Modi’s devastating distraction in Kashmir

India has been described as an enigma, wrapped in a riddle, shrouded in mystery. But Thursday, on the 73rd anniversary of its independence from British rule, it also became a monumental irony: Even as Indians celebrated the overthrow of colonial rule, the Indian army had turned the Himalayan state of Jammu and Kashmir into an open air prison, where seven million residents were being held under curfew and banned from calling, tweeting, publishing — much less protesting. Their state legislature had been disbanded, their leaders were under house arrest, and the constitutional provisions granting them a measure of autonomy from New Delhi was suspended.

Indian Prime Minister Narendra Modi, who engineered all this without any forewarning 10 days ago, is claiming that “fully integrating” — read: forcibly annexing — this ravaged state into broader India will turn it into a mecca of prosperity whose herbal products will find global markets and where tourists will once again roam. But there is every reason to suspect that Modi’s Kashmir stunt is meant to distract from the fact that instead of delivering growth and “acche din” — good times — to India as he had promised six years ago, he is presiding over a cratering economy.

Modi likes to surprise. But unlike his last big surprise, when he scrapped 80 percent of the national currency one evening three years ago as part of his so-called demonetization effort, his Kashmir move is wildly popular.

His Hindu nationalist supporters are cheering it because they have long dreamed of extending their religious dominion over this predominantly Muslim area. The Indian Parliament rubber-stamped Modi’s request to scrap Article 370, which had handed Kashmir special status to have its own constitution and flag, and Article 35A, which restricted the rights of non-citizens to own land (a problematic constitutional arrangement but one that India offers to a half-dozen other states). Within hours, these nationalists started jubilantly floating maps of India draped in their trademark saffron turban audaciously perched on Kashmir. They didn’t even bother masking their true intention by using the tri-color Indian flag.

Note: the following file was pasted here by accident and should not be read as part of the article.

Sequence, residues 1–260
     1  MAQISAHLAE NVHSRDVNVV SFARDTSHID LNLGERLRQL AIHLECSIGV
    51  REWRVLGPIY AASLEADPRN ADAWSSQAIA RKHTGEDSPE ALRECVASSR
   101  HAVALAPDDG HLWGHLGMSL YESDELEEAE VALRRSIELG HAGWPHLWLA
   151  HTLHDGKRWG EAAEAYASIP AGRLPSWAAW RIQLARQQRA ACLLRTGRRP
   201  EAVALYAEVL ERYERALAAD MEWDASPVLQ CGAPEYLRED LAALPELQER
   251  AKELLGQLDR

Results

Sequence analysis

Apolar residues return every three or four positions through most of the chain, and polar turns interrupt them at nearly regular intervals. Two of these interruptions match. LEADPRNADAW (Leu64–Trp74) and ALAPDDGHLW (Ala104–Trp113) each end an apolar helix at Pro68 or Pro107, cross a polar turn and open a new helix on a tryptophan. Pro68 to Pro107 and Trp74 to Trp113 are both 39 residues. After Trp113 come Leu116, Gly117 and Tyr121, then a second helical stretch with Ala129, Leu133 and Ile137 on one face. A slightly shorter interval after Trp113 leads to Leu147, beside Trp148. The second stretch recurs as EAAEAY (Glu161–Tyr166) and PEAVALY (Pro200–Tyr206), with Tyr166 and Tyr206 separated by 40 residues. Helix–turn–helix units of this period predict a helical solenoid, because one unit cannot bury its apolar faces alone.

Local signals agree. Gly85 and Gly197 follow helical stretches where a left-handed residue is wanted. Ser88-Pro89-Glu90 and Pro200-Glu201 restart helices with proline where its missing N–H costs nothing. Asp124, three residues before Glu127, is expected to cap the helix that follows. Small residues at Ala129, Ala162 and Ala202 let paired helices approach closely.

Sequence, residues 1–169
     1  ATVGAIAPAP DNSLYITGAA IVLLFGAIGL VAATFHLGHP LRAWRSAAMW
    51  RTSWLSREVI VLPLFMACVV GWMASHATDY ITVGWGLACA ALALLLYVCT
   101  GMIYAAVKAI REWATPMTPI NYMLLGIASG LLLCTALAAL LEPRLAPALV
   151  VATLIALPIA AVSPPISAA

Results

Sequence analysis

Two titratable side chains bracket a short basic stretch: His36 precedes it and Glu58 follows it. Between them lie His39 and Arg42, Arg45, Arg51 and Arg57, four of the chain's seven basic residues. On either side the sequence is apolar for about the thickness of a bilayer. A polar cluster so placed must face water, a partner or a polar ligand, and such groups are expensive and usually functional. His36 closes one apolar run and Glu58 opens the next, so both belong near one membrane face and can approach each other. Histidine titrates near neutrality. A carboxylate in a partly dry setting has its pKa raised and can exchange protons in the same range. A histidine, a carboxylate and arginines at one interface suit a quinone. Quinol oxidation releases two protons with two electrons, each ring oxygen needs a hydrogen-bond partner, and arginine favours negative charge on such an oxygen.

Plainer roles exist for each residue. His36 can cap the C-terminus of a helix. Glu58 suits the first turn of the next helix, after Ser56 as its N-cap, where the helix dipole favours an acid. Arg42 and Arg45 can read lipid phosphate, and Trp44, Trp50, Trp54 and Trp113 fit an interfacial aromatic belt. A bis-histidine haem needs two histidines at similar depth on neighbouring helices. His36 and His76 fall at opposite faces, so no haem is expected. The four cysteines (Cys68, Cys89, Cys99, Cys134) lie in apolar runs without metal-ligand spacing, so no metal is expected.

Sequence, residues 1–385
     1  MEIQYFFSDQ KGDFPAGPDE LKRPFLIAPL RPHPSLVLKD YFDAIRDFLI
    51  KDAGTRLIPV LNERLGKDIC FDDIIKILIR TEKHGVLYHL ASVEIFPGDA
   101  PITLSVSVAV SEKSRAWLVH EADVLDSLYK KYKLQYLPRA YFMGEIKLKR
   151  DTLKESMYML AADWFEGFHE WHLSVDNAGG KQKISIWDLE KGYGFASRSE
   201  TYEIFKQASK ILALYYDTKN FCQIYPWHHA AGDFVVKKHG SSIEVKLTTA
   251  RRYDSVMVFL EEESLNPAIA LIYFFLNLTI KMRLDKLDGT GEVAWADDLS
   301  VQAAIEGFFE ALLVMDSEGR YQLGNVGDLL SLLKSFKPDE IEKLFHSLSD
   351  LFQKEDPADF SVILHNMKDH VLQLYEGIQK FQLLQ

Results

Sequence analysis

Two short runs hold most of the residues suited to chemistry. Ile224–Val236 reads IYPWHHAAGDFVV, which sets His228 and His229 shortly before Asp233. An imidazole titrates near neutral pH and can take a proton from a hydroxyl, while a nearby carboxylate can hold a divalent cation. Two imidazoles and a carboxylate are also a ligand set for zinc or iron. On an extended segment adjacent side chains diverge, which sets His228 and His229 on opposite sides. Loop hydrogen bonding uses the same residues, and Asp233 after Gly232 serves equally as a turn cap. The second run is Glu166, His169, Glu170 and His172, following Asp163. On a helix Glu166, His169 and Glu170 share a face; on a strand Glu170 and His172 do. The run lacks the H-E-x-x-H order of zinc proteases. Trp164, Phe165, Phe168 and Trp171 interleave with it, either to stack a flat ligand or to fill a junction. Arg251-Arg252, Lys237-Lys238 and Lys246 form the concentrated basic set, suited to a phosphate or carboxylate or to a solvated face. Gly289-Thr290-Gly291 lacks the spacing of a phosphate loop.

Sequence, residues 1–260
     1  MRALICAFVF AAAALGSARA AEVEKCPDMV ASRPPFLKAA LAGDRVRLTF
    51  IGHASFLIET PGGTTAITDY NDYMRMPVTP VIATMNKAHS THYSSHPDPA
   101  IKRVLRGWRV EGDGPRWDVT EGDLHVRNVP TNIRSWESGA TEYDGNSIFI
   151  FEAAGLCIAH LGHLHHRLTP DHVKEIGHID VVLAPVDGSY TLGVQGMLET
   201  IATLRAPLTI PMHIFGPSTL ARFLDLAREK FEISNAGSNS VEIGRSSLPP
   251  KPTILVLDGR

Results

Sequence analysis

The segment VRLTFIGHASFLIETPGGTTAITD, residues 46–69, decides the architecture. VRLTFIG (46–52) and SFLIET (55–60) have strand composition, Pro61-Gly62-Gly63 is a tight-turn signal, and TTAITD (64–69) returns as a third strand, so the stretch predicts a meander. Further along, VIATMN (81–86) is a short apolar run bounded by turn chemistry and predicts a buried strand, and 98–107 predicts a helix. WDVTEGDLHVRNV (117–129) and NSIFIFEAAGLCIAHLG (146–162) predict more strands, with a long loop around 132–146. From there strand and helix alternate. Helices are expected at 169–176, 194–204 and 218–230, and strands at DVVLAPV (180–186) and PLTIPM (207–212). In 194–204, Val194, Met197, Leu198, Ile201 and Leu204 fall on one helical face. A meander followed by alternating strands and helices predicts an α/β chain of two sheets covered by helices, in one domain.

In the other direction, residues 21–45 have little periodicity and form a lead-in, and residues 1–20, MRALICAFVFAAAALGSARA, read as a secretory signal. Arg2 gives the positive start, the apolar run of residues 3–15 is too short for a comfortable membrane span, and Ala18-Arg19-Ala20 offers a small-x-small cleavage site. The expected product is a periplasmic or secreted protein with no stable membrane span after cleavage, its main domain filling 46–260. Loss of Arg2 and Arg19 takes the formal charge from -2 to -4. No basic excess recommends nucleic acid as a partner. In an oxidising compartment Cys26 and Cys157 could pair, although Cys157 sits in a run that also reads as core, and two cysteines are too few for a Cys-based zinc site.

But even Indians who aren’t militant Hindus are four squares behind Modi. Many see Kashmir with its snow-peaked mountains and lush valleys as India’s crown jewel. And some blame its “special status” for allowing Pakistan to make inroads into it.

Pakistan has always resented that even though Kashmir has a large Muslim population, the British did not hand it this coveted bit of land when they left in 1947. Rather, they let the Hindu prince who ruled Kashmir at the time make an alliance with India. Since then, Pakistan has waged four wars, dispatched foreign jihadis and funded a separatist insurgency in the Kashmiri valley to undermine India’s control.

Modi claims that dismissing Kashmir’s corrupt state government and replacing it with a strong central hand will make it easier to keep Pakistan at bay, root out insurgency and restore law and order in the state. At the same time, ending restrictions on Indians who wish to …read more

Source:: The Week – World


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